Developing Applications for Microsoft Dynamics AX with X++ and the .NET Framework


Microsoft's Dynamics AX is an ERP system (Enterprise Resource Planning) in the traditional sense: it contains tons of features and usually requires customizations to best support an organization's needs, and can initially look like a black box. But every system has its internals, and for developers, Dynamics AX is a challenge that allows you to get started without much sweat.

Since many .NET developers already have access to Microsoft MSDN subscriber downloads, it is worthwhile to check what is being offered by this subscription. One of the benefits is a developer version of Dynamics AX. This is a limited-functionality version that is suitable for testing and development work, but not production.

The purpose of this article is to show you how to get started with the MSDN version, and how to write basic integration code for the system. The first step in this process is to get Dynamics AX running.

Installing Dynamics AX on a test server from MSDN

If you purchased Microsoft Visual Studio together with MSDN, log into MSDN subscriber downloads, and expand the Servers section. From there, you can find Dynamics AX 2009, which is the latest version at this writing. You can either download the original installation DVD along with a license file, or you can download a ready-made 14-part (yes, 14!) RAR compressed Hyper-V virtual machine with everything set up for you (Figure 1).

Figure 1

Starting the with ready-made trial version is probably the easiest option, especially if you haven't used Dynamics AX previously. To run the trial, you will need a 64-bit Windows Server 2008 R2 server with Hyper-V enabled. The RAR archive you downloaded contains a VHD virtual disk image and a configuration file. You can import these into Hyper-V, and after this, you are ready to run. For more details, consult the ReadMe file that comes along with the archive.

The first screen you will see in the virtual machine is the Windows login screen. The login password for the Administrator account is "pass@word1". If you have an U.S. keyboard, then this should be easy to type; however, if you have a non-U.S. keyboard, then the @ sign can be problematic. You can try to press Shift+2 to get the @ sign, and then logging in.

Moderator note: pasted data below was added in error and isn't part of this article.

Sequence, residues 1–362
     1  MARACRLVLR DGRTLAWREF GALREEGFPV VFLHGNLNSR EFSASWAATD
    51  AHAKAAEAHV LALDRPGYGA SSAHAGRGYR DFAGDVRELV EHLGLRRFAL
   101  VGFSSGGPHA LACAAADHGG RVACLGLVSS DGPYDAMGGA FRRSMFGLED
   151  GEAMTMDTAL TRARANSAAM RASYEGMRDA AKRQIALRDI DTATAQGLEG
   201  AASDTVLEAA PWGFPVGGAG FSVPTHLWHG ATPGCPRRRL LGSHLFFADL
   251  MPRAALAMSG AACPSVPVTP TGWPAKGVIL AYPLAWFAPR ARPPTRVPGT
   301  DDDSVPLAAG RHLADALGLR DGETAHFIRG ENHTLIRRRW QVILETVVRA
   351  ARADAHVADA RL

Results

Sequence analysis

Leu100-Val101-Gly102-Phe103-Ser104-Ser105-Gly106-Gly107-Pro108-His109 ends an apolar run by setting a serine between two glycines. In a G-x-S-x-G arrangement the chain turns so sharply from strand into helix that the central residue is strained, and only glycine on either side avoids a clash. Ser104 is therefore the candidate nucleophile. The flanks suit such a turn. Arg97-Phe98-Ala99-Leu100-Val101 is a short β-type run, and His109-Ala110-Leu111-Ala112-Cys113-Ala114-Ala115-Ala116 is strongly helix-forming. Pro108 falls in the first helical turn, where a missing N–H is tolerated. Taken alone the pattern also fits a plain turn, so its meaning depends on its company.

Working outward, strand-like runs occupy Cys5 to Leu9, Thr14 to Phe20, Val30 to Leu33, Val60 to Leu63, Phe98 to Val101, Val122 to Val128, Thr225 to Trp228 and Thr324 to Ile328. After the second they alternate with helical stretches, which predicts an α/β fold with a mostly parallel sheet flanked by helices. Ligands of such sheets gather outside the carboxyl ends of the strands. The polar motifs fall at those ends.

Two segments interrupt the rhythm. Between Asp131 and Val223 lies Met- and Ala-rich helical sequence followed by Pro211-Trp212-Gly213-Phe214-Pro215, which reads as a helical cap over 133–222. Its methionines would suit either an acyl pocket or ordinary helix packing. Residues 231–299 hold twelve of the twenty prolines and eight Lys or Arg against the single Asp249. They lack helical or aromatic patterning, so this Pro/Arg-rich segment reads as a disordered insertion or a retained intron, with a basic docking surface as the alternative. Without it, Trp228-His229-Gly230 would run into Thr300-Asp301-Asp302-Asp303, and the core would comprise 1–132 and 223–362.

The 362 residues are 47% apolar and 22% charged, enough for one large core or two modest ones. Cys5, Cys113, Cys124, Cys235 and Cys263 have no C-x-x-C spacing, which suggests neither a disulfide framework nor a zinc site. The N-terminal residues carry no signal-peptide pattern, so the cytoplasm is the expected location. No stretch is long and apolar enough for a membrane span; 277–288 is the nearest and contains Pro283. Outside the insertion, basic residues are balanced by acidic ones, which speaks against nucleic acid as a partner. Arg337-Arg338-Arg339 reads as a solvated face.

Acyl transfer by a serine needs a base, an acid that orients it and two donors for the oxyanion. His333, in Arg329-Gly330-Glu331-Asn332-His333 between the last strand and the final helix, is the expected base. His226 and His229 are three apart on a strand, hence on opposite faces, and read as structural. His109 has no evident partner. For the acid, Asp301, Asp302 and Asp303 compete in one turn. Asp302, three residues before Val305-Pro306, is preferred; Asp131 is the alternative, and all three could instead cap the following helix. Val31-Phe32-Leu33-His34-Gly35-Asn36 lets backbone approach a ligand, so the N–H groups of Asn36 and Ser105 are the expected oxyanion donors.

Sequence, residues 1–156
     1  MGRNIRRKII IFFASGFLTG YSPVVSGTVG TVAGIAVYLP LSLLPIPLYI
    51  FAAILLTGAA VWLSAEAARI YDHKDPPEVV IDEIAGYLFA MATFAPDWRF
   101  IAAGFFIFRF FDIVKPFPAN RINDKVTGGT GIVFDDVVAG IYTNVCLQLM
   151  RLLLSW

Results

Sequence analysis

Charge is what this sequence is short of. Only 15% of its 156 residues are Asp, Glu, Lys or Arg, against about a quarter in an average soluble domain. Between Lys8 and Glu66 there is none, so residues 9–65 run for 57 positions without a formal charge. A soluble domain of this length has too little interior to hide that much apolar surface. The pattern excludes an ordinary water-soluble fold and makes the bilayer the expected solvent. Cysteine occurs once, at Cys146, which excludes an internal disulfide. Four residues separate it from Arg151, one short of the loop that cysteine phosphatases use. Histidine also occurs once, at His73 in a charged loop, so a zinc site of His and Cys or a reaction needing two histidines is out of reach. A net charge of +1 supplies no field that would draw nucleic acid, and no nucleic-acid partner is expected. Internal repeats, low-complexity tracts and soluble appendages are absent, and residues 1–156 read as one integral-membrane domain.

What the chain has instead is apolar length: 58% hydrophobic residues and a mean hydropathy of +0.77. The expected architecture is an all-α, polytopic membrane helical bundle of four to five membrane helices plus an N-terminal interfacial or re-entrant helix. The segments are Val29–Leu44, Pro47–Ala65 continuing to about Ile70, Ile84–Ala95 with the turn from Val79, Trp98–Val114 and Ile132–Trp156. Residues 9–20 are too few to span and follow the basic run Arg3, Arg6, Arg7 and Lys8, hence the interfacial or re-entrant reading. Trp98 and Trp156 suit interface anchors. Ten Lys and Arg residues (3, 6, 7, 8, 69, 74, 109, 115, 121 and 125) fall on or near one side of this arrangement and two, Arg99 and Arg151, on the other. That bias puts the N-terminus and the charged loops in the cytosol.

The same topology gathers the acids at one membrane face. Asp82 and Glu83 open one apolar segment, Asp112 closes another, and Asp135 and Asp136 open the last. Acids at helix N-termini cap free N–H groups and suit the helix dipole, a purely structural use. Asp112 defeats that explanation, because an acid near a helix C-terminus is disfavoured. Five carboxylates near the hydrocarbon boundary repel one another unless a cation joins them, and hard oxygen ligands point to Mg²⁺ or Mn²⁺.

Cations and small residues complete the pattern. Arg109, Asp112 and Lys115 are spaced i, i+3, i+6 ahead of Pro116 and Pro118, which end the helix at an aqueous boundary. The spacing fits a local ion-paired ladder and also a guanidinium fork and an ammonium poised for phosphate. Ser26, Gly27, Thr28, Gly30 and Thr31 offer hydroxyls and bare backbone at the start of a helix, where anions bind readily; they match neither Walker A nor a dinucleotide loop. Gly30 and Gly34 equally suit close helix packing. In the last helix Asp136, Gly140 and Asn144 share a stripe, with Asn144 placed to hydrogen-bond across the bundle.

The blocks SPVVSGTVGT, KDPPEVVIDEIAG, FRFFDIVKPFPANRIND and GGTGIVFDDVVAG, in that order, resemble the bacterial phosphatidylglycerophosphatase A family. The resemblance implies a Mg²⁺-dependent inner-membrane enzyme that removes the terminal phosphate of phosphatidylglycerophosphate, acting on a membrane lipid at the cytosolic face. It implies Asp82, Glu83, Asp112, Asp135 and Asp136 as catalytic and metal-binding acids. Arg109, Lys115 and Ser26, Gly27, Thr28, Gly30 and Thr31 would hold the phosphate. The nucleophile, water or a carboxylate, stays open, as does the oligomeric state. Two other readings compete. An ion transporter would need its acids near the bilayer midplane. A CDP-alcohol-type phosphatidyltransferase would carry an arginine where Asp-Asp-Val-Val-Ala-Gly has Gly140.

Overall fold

If nothing else helps, try changing the username, and try typing the password to the username field to see what characters you get. Then, try logging again as the Administrator. Alternatively, enable the on-screen keyboard, and use it to type the password. After logging in, you can change to the correct keyboard layout using Control Panel.

Once you see the desktop of the virtual machine, you will find an icon to launch Dynamics AX. Go ahead and start it. You will soon see the Dynamics AX main window (Figure 2), after which you could browse the available features to learn about Dynamics AX. Once you are done, it's time to dive into the development possibilities created by Dynamics AX.

Figure 2

Developing Applications for Microsoft Dynamics AX with X++ and the .NET Framework

Development options with Dynamics AX

If you are interested in developing applications for Dynamics AX, there are two broad categories of technology choices you can make to base your development on. Firstly, you can use Dynamics AX's own internal programming language called X++. This language allows you to program custom logic within the Dynamics AX system itself. However, because .NET development is the norm nowadays, Dynamics AX also allows you to write .NET framework code to build your own applications. Let's look at both of these options in turn.

The original technology used to develop custom solutions for Dynamics AX is the X++ programming language. This language has a familiar-looking syntax at least to all developers knowing a C-based language, such as C++, C# programming or Java. When you install Dynamics AX, you will also gain access to an integrated development environment with which you can write code.

The X++ language itself has syntax similar to the C language, but also contains object-oriented features. Development is usually done directly inside Dynamics AX, where the development environment hosts a compiler and a debugger. The compiler is also smart enough to give the developer optimization tips: for example poorly written SQL statements cause the compiler to display performance tuning tips.

X++ exposes a wide range of functions which can be used to integrate custom code with the system. You can access data inside the Dynamics AX database, create new user interface elements such as menus and forms, and more. Here's a quick glimpse of the X++ language showing the classic "Hello, World!" message:

static void main(Args args)
    info("Hello, World from X++ language!");

To test this code in Dynamics AX, you would need to add a new class, and additionally a new method called main into the class. Then, to display a message on the screen, you could for example use the global info function (Figure 3).

[Figure 3 - Info Message.png]
Figure 3

The alternative to X++ language development in Dynamics AX is to use .NET framework technologies. If you prefer to use .NET and languages such as C#, you can develop in two different ways: you can write libraries (DLLs) that Dynamics AX loads and runs, or you can use the Dynamics AX object model directly from your own .NET applications.

Developing a DLL to be used inside Dynamics AX

The first option to integrate .NET code and Dynamics AX is to use a feature called .NET CLR Interop (Common Language Runtime Interoperability). This feature allows you to develop a .NET DLL with C# and then use X++ code to call methods inside the DLL. One of the features in .NET CLR Interop allows you to call basic classes inside the .NET framework directly from X++. For instance, to get the current date by using the .NET class System.DateTime, you could use the following X++ code:

static void main(Args args)
    System.DateTime     now;
    str                 datestr;
    now = System.DateTime::get_Now();
    datestr = now.ToString();
    info("It is now: "+datestr);